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    Dear friends,I have received an offer from King's (MA intelligence and international security), but haven't heard yet from UCL (security studies). As my offer from King's is set to expire soon, I was wondering if you could provide me with some info/insight of the two programmes and respective departments, so that I could decide whether or not waiting for UCL would be worthy. I have read that King's War studies department is actually quite good, but also that UCL looks nicer on your CV, so I am really stuck.Could you help me? Thank you all in advance!
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    (Original post by Saimontato)
    Dear friends,I have received an offer from King's (MA intelligence and international security), but haven't heard yet from UCL (security studies). As my offer from King's is set to expire soon, I was wondering if you could provide me with some info/insight of the two programmes and respective departments, so that I could decide whether or not waiting for UCL would be worthy. I have read that King's War studies department is actually quite good, but also that UCL looks nicer on your CV, so I am really stuck.Could you help me? Thank you all in advance!
    Hi, both universities are excellent in terms of teaching and reputation.
    In your specific field, King's Department of War Studies (DWS) enjoys an outstanding reputation worldwide. Further to their links with organisations such as the IISS, they have the biggest department in the field. Don't let the rankings misguide you. If it wasn't for a number of "weaker" subjects (King's is huge and they do so many courses, apparently not all of them successfully), King's would be at the same level as UCL. In fact, they are for all the main subjects. They're also both part of University of London, the golden triangle, the russell group etc.

    Also, their programmes are a bit different as at UCL you would study a bit of statistics too, while at King's you will have a broader choice of international security related subjects as a result of being part of the DWS, but no statistics.

    TL;DR: they're both good, but if you want to study anything related to War Studies, King's is the place to go. Same goes for Economics at LSE, Chinese at SOAS, Medicine at UCL or Maths at Imperial (assuming we only consider London of course)
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    (Original post by Dresh)
    Also, their programmes are a bit different as at UCL you would study a bit of statistics too, while at King's you will have a broader choice of international security related subjects as a result of being part of the DWS, but no statistics.
    Thank you very much, I do tend to overrely on rankings as they're my main source of information.
    One additional question if I may, do you happen to know (by experience, knowledge and the like) whether these "quantitative" skills are particularly sought after by prospective employers? Cause otherwise I would see no point in taking them given the kind of programme I'd take (although I did a bit of them for my BA).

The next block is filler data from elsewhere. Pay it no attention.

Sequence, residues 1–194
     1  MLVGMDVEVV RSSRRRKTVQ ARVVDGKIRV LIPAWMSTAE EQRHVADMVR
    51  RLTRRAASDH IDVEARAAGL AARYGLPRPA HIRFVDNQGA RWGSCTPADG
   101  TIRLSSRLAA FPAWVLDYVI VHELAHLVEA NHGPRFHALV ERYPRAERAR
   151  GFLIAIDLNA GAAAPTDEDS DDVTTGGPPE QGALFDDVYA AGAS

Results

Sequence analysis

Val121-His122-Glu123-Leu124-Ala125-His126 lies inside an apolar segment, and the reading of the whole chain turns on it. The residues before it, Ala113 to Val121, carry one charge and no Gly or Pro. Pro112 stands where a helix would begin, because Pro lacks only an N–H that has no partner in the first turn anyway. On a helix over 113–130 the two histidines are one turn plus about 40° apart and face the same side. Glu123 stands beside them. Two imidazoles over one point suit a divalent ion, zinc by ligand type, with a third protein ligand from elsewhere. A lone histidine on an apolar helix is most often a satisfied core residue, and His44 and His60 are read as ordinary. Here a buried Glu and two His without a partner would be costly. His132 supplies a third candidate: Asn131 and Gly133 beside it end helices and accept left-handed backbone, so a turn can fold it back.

Thanks!
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    (Original post by Saimontato)
    Thank you very much, I do tend to overrely on rankings as they're my main source of information.
    One additional question if I may, do you happen to know (by experience, knowledge and the like) whether these "quantitative" skills are particularly sought after by prospective employers? Cause otherwise I would see no point in taking them given the kind of programme I'd take (although I did a bit of them for my BA).

    Thanks!
    Rankings are important to an extent. There are other things they don't say e.g. at LSE you cannot contact your professors to discuss about a feedback, and many many students I know are pissed about this. In the end, it's not the title you get that counts but the skills and expertise, and things like that really have a negative impact on your learning process. Still, when you want to do something for which a particular university is extremely famous, it is generally a good idea to do that there. (E.g. economics at LSE).

    Anyway, sorry for the long text.
    Quantitative skills are vital and useless, depending on what you want to do. It is not like you will do a lot of them, so you can't eventually land a job that requires a good knowledge of them. And if you're studying this subjects, the odds are, you won't need them that much anyway in your potential jobs, apart for postgraduate research, in which they will be taught anyway.
    You can always do an intensive course focused on methods (LSE has that but I'm sure that UCL and many others do too) and they last for a few weeks.

    Still, if you are 100% sure you will do a job that requires them is a good idea to start studying them now
 
 
 
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